Loading in 2 Seconds...

Multiple testing, correlation and regression, and clustering in R

Loading in 2 Seconds...

- By
**zelia** - Follow User

- 109 Views
- Uploaded on

Download Presentation
## PowerPoint Slideshow about 'Multiple testing, correlation and regression, and clustering in R' - zelia

**An Image/Link below is provided (as is) to download presentation**

Download Policy: Content on the Website is provided to you AS IS for your information and personal use and may not be sold / licensed / shared on other websites without getting consent from its author.While downloading, if for some reason you are not able to download a presentation, the publisher may have deleted the file from their server.

- - - - - - - - - - - - - - - - - - - - - - - - - - E N D - - - - - - - - - - - - - - - - - - - - - - - - - -

Presentation Transcript

### Multiple testing, correlation and regression, and clustering in R

Multtest package

Anscombe dataset and stats package

Cluster package

Multtest package

- The multtest package contains a collection of functions for multiple hypothesis testing.
- These functions can be used to identify differentially expressed genes in microarray experiments, i.e., genes whose expression levels are associated with a response or covariate of interest.

Multtest package

- These procedures are implemented for tests based on t–statistics, F–statistics, paired t–statistics, Wilcoxon statistics.
- The multtest package implements multiple testing procedures for controlling different Type I error rates. It includes procedures for controlling the family–wise Type I error rate (FWER): Bonferroni, Hochberg (1988), Holm (1979).
- It also includes procedures for controlling the false discovery rate (FDR): Benjamini and Hochberg (1995) and Benjamini and Yekutieli (2001) step–up procedures.

Golub Data

- Golub et al. (1999) were interested in identifying genes that are differentially expressed in patients with two type of leukemias, acute lymphoblastic leukemia (ALL, class 0) and acute myeloid leukemia (AML, class 1).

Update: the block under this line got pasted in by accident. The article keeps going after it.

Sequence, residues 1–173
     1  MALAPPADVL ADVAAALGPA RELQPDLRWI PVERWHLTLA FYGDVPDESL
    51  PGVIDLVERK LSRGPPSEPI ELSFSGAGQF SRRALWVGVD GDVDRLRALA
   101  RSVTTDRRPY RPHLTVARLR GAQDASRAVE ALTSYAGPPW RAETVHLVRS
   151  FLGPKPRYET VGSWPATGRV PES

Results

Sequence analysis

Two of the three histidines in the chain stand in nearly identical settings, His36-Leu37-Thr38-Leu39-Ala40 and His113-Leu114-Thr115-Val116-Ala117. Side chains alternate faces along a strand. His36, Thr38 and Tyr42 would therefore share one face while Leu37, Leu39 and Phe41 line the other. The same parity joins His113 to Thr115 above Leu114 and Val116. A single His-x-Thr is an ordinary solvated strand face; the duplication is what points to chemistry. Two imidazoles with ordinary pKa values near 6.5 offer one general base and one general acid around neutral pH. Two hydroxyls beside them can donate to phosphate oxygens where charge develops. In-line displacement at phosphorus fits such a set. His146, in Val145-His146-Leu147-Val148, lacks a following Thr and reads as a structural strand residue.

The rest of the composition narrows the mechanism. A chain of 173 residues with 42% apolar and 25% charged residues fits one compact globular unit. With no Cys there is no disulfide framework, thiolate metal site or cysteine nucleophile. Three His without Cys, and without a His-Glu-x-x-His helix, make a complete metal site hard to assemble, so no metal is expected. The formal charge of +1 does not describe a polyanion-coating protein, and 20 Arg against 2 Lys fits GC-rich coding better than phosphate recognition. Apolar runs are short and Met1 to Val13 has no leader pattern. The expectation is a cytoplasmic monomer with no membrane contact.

- Gene expression levels were measured using Affymetrix high–density oligonucleotide chips containing p = 6, 817 human genes.
- The learning set comprises n = 38 samples, 27 ALL cases and 11 AML cases (data available at http://www.genome.wi.mit.edu/MPR).

Golub Data

- Three preprocessing steps were applied to the normalized matrix of intensity values available on the website:

(i) thresholding: floor of 100 and ceiling of 16,000;

(ii) filtering: exclusion of genes with max / min <= 5 or (max−min) <= 500, where max and min refer respectively to the maximum and minimum intensities for a particular gene across mRNA samples;

(iii) base 10 logarithmic transformation.

- Boxplots of the expression levels for each of the 38 samples revealed the need to standardize the expression levels within arrays before combining data across samples. The data were then summarized by a 3, 051×38 matrix X = (xji), where xji denotes the expression level for gene j in tumor mRNA sample i.

Golub Dataset

- The dataset golub contains the gene expression data for the 38 training set tumor mRNA samples and 3,051 genes retained after pre–processing. The dataset includes
- golub: a 3, 051 × 38 matrix of expression levels;
- golub.gnames: a 3, 051 × 3 matrix of gene identifiers;
- golub.cl: a vector of tumor class labels (0 for ALL, 1 for AML).

The mt.teststat and mt.teststat.num.denum functions